Practical Steps for Residency Programs

What then are some practical ways to ameliorate or prevent burnout amongst psychiatry residents which are relevant for other residency programs? Whilst there may not be a single ideal way to manage burnout based on this myriad of associated factors,35 a 4S (selection, the standard keeping of work and learning arrangements, skills, support) framework can be considered after accounting for the findings of this review within these three models of burnout. First, the selection of appropriate candidates to join the residency is of utmost importance. There is evidence that residents who did not consider psychiatry as their first career choice are at higher risk of burnout.17 This may include the need for new candidates to have worked in psychiatry rotations prior to their application to join the psychiatry residency program to confirm their interest in the discipline, feedback from their previous supervisors, alongside the use of multiple mini interviews.36,37 Second, standard-keeping of work and learning schedules should be ensured. This includes appropriate orientation of new residents, adequate and regular clinical supervision, adherence to duty hour rules such as a limit of 80 hours per week, not working beyond stipulated working hours with adequate rest, attendances of requisite learning and supervision sessions, and tracking the compliance of training sites over time. Both areas would help to reduce the perceived stress and actual workload, especially in residents new to residency or in junior years of training.9 Third, skills-equipping workshops should be incorporated into the learning curriculum. Stress management techniques such as deep breathing, progressive muscle relaxation, a reminder to pace and space out the timetable of study, work, family, and leisure activities to achieve work-life balance can be reinforced. There is preliminary data to suggest that resident-led interventions, including relaxation and resilience training can be useful.33 This would equip them with adequate skills for self-care and empower the residents to take active steps to look after their personal well-being holistically, which encompasses the physical, psychological and social facets.9,10,12 Fourth, support from the people involved in the program and at work is crucial to the learner in training. This includes peers, senior residents, supervisors, and clinical faculty. A stronger support network would be helpful for all learners irrespective of seniority in training and practice.10, 12 

Limitations and Recommendations for Future Studies

There are several limitations in this review. First, participant response rates vary, and participant bias may be present as learners who are suffering from burnout may be less willing to join these studies. Second, the prevalence of burnout can vary according to the learning context, type of burnout scale used, and specific threshold criteria adopted even within the same scale. Third, future studies may want to examine other under-examined correlates of burnout such as stigma related to the discipline, personality factors, concurrent life events and aspects of the learning environment (e.g. perception of role autonomy, social support) which would enrich our understanding and suggest potential avenues of intervention to alleviate burnout in our learners. Fourth, most studies are cross-sectional in design, and longitudinal studies would be warranted to examine the changes in burnout rate and relationship with other demographic factors, training, work, and learner factors over time. Fifth, intervention studies are wanting and would allow evaluation of feasible and effective strategies to prevent or minimise burnout during the course of psychiatry residency training.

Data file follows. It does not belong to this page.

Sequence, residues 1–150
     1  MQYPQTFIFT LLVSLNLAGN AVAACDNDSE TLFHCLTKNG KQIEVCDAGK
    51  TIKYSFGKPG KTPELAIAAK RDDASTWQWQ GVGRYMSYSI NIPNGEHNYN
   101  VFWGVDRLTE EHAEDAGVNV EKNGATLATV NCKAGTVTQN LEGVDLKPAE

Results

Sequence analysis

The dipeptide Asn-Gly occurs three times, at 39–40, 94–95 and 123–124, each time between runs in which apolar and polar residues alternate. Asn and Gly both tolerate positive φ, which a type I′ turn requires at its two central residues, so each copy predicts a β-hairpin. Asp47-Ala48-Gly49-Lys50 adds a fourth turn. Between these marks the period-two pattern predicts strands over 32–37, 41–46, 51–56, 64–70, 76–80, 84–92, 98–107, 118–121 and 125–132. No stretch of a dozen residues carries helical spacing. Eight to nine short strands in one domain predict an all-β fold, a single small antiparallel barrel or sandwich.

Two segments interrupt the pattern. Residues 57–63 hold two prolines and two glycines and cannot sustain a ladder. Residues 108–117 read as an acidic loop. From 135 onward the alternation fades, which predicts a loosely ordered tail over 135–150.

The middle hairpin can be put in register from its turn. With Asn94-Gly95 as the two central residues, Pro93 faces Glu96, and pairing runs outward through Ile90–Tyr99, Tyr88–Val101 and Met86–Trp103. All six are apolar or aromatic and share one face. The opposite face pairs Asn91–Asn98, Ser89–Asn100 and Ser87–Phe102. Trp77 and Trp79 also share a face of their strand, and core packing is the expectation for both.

In conclusion, this review reveals that the overall prevalence of burnout in psychiatry residents is around 33.7%, and is associated with specific demographic, training, work, and personal factors. There is a dearth of longitudinal studies of burnout and studies examining the impact of interventions to prevent or reduce burnout over time. The main findings of this review, when viewed in the context of theories of burnout such as the stress/conflict, phase and conflict theories, prompted consideration of some practical ways to alleviate burnout amongst psychiatry residents which are relevant for other residency programs. Future studies are thus needed to investigate the effectiveness of different interventions within different training contexts to prevent or ameliorate the onset and impact of burnout.

The authors declare that they have no conflict of interest.